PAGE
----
While it’s been rumored for a while now, Remington has finally announced its magazine-fed variant of the company’s 870 pump-action shotgun. Shooting Illustrated got a sneak peak of the new Remington 870 DM shotgun at a writer’s event at Gunsite Academy earlier this year, and had a chance to run it through some of Gunsite’s shotgun drills.
Before we get into the performance of the Remington 870 DM shotgun, a few items are note-worthy. First, while the DM’s receiver looks like a standard 870 with a magazine well bolted on, it is a completely separate and new receiver—the two are not interchangeable. Second, don’t be fooled by the tubular-magazine-looking piece under the barrel. It’s a guide for the pump-action, nothing more. Obviously, some design elements were retained for simplicity of production. And, lastly, when assembling or disassembling the 870 (like, say, the first time you take it out of the box), there’s no need to put your hand over the tube to prevent the magazine spring from shooting out. Because there is no magazine spring (well, in the tube, that is).
Other than how it is fed, the Remington 870 DM behaves quite similarly to its tubular-magazine brethren. Fire a round, work the action smoothly to reload, lather, rinse, repeat as needed. We did not see a significant change in the handling of the 870 DM compared to a tube-fed 870 on the square range or in the shoothouse. Remember that the center of gravity (for lack of a better term) is going to be slightly different, as rather than the 870 Tactical’s 7-round tubular capacity, the 870 DM has 6 rounds protruding from the bottom of the receiver. There is a shift in how the shotgun’s weight is distributed, but it should not take much getting used to in order to function properly.
The biggest difference comes once the Remington 870 DM runs empty—rather than needing to grow a third arm to facilitate faster loading, one need simply drop the empty magazine to the deck and replenish with another loaded mag. Need to swap out slugs for buckshot? Drop the mag, eject the buckshot, then load a fresh magazine full of slugs. Easy-peasy. However, it may take some getting used to—you’re holding a pump-action Remington 870, after all; you’re certainly not going to be expecting to release a magazine when you’re done shooting.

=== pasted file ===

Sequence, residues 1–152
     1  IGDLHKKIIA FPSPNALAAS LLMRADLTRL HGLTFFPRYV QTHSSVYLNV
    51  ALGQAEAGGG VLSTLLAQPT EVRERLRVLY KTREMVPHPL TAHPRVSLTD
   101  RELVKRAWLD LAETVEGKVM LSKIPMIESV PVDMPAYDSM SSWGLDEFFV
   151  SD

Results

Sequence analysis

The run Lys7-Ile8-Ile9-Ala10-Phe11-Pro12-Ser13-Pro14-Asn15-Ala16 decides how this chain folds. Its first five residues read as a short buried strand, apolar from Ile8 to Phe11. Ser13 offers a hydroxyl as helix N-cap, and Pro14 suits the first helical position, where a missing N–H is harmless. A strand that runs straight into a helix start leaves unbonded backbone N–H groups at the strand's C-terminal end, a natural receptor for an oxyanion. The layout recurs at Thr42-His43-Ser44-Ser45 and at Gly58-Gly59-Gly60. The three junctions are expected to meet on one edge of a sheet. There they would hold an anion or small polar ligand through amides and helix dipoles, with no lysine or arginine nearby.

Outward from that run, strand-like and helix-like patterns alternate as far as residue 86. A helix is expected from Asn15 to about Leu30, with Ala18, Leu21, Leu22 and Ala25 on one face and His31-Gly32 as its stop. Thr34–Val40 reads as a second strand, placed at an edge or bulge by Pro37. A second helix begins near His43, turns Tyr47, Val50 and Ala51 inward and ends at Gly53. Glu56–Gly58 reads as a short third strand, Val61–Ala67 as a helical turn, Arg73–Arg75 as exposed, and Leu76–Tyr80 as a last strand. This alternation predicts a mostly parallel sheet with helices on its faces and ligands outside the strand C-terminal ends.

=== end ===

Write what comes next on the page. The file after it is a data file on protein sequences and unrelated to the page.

Let’s discuss the magazine release. Remington has, in this author’s opinion, gotten it right. Rather than a magazine that needs to be rocked into (or out of) the magazine well, the 870 DM magazine inserts and is removed with a straight-pull action. Pull the release into the magazine well, strip the magazine from the receiver, and reverse the procedure to insert a fresh magazine. Practice (with dummy rounds if you can’t get to the range) this sequence a few times and you’ll quickly get the hang of it.
Four versions of the Remington 870 DM are available at present time. The entry-level variant is the 870 DM, with an MSRP of $599. This version has a standard stock, corn-cob fore-end and bead front sight. The variant shown above is the 870 DM Magpul, which in addition to the Magpul furniture also has a ghost ring rear sight and white-dot front sight, for $799 MSRP. The 870 DM Predator has the same sights and MSRP ($799) as the Magpul variant, but comes with a ShurShot thumbhole buttstock with camouflage pattern. Finally, Remington's short Tac-14 will also be available with a detachable magazine.
Remington 870 DM Caliber: 12-gauge Barrel Length: 18.5 inches Choke: Fixed IC Furniture: Black synthetic Super Cell recoil pad, "Corn Cob" fore-end Magazine Capacity: 6 rounds MSRP: $529